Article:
Saturday, April 2, 2016

Film Tax Credit April Fools'

As some of my readers would know I’ve been speaking and working with many people and community groups across the province on a number of issues facing the Nova Scotia over the past few months. My experience with how the Film Tax Credit fiasco played out is one part of that. With everything that happened April 1st (and with some knowledge on the day what some in the industry expected would be announced) here's my view of the latest in this situation. It forms pretty well an entire chapter in my upcoming book. I can cover more of the political back and forth in the book, but here's my perspective as it relates to the now infamous release of April Fools' Day.

A Personal Issue

The issue was personal to me from the beginning for a lot of reasons. The business I ran before politics was involved in the industry but never applied for or sought tax credits directly. The business was involved in a number of ventures from social justice, to energy and environmental work, leadership and communications consulting, and media. However, the roots of that business and half the business revenue before I entered politics, was television and print media. I was fortunate to secure full financing for most television projects we did. For many other television projects the work was international and simply didn’t qualify. Nonetheless, the business benefited from the tax credit indirectly. There was access to more rental gear, crews, editing and shooting facilities, and we did a lot of work on or with some of the films that were in town. There always seemed to be one underway.

The issue was also personal because I have a lot of friends in the business (here and elsewhere). I was privileged to chair the Cultural Advisory Committee for the municipality for a couple of years and we’d done a lot of work showing the economic value (let alone harder to measure reputational, quality of life, and tourism values) of cultural industries such as film, theatre, symphony, and so forth. To risk crushing an industry went against what we tried to achieve on that committee. (Mayor Savage, a Liberal himself, and Andy Fillmore, a federal Liberal candidate, would also speak to their concerns about changes)

If you care, you can read a lot more about the personal side of issue to me, the struggle with it, and the political behind the scenes stuff that went on when the book comes out. But for now, turn to March 2015 and I was like most people in that the first whiff of possible changes to the Film Tax Credit I heard were in reporting of then Finance Minister Diana Whalen’s speech to the Chamber ofCommerce last year. Suddenly a lot of friends from my past were calling and e-mailing.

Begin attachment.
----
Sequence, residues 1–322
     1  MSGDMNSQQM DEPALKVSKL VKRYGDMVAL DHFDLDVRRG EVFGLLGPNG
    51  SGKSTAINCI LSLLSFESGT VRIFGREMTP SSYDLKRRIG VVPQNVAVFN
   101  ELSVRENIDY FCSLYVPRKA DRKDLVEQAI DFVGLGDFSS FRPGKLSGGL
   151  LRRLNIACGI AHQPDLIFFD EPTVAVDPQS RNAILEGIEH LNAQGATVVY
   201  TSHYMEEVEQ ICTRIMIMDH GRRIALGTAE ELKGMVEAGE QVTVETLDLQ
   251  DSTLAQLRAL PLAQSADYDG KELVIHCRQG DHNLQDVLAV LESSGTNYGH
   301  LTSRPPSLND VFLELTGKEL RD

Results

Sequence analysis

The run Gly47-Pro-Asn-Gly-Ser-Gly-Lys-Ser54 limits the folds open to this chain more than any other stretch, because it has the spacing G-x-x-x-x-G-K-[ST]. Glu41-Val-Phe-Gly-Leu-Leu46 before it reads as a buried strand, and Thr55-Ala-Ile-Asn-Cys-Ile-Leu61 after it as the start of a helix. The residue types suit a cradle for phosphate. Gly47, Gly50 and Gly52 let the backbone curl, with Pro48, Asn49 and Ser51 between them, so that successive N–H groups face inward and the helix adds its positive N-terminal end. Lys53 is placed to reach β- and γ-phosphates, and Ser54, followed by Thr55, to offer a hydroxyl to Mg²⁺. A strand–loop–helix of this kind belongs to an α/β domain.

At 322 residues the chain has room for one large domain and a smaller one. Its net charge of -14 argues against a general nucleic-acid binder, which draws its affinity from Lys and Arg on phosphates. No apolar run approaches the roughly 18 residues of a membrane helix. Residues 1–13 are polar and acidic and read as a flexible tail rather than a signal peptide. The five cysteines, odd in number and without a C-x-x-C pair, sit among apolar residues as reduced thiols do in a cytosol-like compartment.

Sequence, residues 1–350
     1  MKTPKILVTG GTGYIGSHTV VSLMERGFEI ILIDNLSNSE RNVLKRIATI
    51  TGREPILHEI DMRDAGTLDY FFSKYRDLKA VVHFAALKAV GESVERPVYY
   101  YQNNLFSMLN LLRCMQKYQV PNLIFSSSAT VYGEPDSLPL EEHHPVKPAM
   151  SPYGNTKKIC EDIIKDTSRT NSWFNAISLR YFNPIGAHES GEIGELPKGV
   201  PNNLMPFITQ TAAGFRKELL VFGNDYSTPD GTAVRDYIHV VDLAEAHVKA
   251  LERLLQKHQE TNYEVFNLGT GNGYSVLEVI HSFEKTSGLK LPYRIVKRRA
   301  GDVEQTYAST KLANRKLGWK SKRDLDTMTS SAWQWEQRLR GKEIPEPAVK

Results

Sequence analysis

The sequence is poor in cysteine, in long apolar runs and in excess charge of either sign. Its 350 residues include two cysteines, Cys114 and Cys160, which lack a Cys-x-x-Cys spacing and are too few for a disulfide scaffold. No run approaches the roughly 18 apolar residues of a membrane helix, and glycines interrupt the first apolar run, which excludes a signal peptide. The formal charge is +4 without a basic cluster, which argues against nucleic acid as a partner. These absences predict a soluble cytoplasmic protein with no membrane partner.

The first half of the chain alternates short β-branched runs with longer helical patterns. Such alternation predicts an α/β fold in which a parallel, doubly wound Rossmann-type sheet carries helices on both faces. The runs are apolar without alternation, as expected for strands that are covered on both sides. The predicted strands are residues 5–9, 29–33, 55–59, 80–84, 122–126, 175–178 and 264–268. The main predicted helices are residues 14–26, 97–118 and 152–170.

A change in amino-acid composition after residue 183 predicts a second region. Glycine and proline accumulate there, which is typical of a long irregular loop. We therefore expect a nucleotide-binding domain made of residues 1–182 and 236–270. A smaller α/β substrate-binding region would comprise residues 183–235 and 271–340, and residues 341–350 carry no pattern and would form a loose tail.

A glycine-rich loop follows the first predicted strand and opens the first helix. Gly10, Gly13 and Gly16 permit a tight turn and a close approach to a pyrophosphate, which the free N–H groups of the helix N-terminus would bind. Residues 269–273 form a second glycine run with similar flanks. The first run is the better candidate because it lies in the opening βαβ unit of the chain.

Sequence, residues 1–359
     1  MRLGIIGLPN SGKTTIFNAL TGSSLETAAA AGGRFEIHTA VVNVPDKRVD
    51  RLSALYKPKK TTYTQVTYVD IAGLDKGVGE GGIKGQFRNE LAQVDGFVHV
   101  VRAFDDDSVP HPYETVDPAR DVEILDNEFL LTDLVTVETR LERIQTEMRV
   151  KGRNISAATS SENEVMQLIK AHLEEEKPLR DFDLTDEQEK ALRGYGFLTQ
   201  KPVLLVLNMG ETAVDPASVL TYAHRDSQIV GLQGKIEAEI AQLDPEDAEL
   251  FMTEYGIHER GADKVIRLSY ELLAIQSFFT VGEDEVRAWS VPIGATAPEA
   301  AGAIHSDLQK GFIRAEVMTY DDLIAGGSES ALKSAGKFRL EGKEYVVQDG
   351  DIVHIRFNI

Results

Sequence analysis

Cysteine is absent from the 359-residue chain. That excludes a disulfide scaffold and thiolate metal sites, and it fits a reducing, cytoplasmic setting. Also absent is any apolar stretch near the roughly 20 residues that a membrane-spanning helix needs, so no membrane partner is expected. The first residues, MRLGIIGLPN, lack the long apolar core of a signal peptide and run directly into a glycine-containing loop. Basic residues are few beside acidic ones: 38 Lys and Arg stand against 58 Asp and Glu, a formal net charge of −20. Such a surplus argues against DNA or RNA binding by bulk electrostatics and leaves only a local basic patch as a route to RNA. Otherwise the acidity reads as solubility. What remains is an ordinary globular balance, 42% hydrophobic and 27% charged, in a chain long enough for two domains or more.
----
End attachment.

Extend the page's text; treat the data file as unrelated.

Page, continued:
Budget Changes Film Tax Credit

I read and re-read Diana’s words as reported in the media at the time, and knowing the election commitment (and Diana’s own personal commitment to the industry in opposition) I made the assumption that what was in the cards was either (1) some kind of working group to examine the film tax credit program over the next year; or (2) a small reduction in the percentage credit on the film tax credit. As I talked to many friends at the time it never even occurred to me the changes would be as ultimately tabled in the budget speech. I was wrong.

The budget speech outlined significant changes. We were told many things, including the fact other provinces were making changes too (Ontario did announce changes, but then put them on hold, Quebec tinkered with the system somewhat). I met with many people I’d known a long time (and many people I just met) from the industry as the budget debate went along.

Meetings were scheduled with industry as the reaction was recognized. Changes were made to the originally announced proposal, and it appeared for a time they had the support of Screen NS (this proved to be a gross overstatement). The animation sector was largely returned to the same tax credit system they had before. Feedback from people in the business suddenly became a weird mix of people thinking they could make the new system work (though not supporting the changes) and those who predicted dire consequences. Recent reports, including the information from the Director’s Guild showing the massive drop in taxable income in the industry, showed the consequences became real. To his credit, Business Minister Mark Furey has not disputed the numbers showing the impact on the industry.

Over the time budget was debated, I’d start the day sitting with friends from industry, and even my own riding association, who were angry about the mess, and we’d talk about options. What changes were needed? Would a delay help? Was it better to affect change from inside or outside? What did the changes mean? Was the budgeted funding a soft cap or a hard cap? What about equity investments? What about location scouting?